OK, environmentalism mightn’t be your thing. And a snotty-looking swamp frog ain’t no cute and cuddly panda. But, in case you are interested, or think you maybe might consider becoming interested, here’s a list of endangered species in our immediate area whose outlook isn’t going to get better with fast food litter and habitat contamination.
Threatened animal species
Black-necked stork (Ephippiorhynchus asiaticus)
Little tern (Sternula albifrons)
Pied oystercatcher (Haematopus longirostris)
Glossy black-cockatoo (Calyptorhynchus lathami)
Sooty oystercatcher (Haematopus fuliginosus)
Comb-crested jacana (Irediparra gallinacea)
Eastern osprey (Pandion cristatus)
Squirrel glider (Petaurus norfolcensis)
Koala (Phascolarctos cinereus)
Little bent-wing bat (Miniopterus australis)
Eastern bent-wing bat (Miniopterus schreibersii oceanensis)
Common blossom-bat (Syconycteris australis)
Grey-headed flying-fox (Pteropus poliocephalus)
In addition to these recorded threatened species a further 25 threatened species have been identified as likely to occur within the Moonee Reserve, including the wallum froglet (Crinia tinnula) and common planigale (Planigale maculata), both of which are listed as vulnerable.
Significant plant species
Sand spurge (Chamaesyce psammogeton syn. Euphorbia sparrmanii)
Headland zieria (Zieria prostrata). The four headlands that make up the Moonee Reserve support the only known populations.
Coast headland pea (Pultenaea maritima)
Austral toadflax (Thesium australe)
Significant plant communities within Moonee Reserve listed as an endangered ecological community under the Threatened Species Conservation Act.
Littoral Rainforest: Southern part of reserve in hind dunes behind the southern end of Moonee Beach
Swamp Oak Floodplain Forest: Small stands along Moonee Creek
Subtropical Coastal Floodplain Forest: Open forest along Moonee Creek
Themeda grassland on seacliffs and coastal headlands: All four headlands of the Moonee Reserve
Swamp Sclerophyll Forest on Coastal Floodplains: Western edges of the reserve
Coastal Saltmarsh: Southern part of reserve south of Tiki Trail adjacent to Moonee Creek
The survival of these species will be further threatened by pollution and litter cause by the proposed service centre and fast food outlet — less than 650 metres to ‘the front’, and less than 250 metres to feeder creeks and watercourses.
The specific objectives of the Moonee Beach Nature Reserve, in conjunction with the National Parks and Wildlife Act, is responsible management to ensure:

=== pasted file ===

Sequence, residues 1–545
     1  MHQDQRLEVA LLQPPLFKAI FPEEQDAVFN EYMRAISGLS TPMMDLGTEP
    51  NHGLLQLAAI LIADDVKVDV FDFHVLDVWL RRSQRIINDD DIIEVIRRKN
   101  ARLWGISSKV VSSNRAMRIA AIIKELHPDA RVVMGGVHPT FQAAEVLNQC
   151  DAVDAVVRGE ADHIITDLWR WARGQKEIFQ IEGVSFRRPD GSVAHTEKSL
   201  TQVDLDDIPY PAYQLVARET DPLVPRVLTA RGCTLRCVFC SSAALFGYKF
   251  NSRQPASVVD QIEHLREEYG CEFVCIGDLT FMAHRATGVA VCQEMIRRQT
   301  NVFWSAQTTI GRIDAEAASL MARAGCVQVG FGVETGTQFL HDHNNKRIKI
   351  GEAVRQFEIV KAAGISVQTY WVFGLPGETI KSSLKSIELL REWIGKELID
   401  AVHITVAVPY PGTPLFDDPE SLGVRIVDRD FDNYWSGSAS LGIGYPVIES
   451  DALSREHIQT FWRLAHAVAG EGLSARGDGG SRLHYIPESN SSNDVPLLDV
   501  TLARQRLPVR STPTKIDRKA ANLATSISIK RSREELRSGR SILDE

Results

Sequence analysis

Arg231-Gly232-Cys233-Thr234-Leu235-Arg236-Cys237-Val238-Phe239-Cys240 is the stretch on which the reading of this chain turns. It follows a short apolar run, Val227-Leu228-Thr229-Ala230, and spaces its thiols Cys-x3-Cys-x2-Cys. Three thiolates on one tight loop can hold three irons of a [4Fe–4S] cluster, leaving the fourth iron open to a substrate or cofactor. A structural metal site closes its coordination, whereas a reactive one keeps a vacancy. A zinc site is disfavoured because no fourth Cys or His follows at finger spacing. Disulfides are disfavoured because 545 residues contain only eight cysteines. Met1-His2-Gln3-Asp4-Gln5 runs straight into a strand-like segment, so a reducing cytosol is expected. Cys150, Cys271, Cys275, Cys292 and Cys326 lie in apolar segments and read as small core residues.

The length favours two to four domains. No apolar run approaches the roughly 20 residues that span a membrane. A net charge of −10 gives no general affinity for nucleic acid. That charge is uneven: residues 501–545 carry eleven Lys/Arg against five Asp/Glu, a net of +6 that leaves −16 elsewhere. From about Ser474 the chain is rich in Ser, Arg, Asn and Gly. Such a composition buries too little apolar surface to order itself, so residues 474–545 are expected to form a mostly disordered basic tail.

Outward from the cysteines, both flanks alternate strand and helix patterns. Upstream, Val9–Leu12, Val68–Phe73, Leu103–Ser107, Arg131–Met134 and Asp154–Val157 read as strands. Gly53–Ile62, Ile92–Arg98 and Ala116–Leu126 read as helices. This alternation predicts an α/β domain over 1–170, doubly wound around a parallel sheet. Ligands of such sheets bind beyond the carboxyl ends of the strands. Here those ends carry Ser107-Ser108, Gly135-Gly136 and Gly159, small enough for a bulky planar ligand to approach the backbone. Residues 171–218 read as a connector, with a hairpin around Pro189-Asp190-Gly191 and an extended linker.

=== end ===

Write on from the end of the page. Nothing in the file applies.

- conserve biodiversity, maintain ecosystem functions, and protect geological and geomorphological features and natural phenomena;
- conserve places, objects, features and landscapes of cultural value;
- promote public appreciation, enjoyment and understanding of the reserve’s natural cultural values;
- provide for appropriate research and monitoring.
- the protection of habitat and populations of threatened species and endangered ecological communities;
- increased visitor and community appreciation of the biodiversity and heritage values of the reserve;
- involvement of the Aboriginal community in the appropriate management of their heritage and sites of cultural importance;
- management of increasing recreational pressures to limit impacts on the values of the reserve;
- rehabilitation of degraded areas.
Here’s the rub
Gowings Bros advertises (copiously) their Gowings Whale Trust, associated merchandise, and ongoing support of Sea Shepherd. And good on ’em, too. Whales are nice. Whales are vulnerable. They need protecting.
But so, too, do the critters and flora listed above. They may not be pretty, they may not even be particularly visible. You don’t see a crew of butch environmental crusaders laying down their lives to save a pied oystercatcher or to protect some headland zieria. But, arguably, these are more critically endangered.
So why aren’t Gowings showering money on the various volunteer groups that act as caretakers for much of Moonee Reserve?
Because whales are more commercial? More exploitable? OK. Commerically, that’s a fair cop.
But here’s a question harder to answer if Gowings is trying so hard to fly the environmental crusader flag: why propose a development that directly or indirectly affects some 20 endangered or vulnerable species?
Could it be that, really, the whole Save the Whale trust is just a publicity sham and they really don’t give a shit.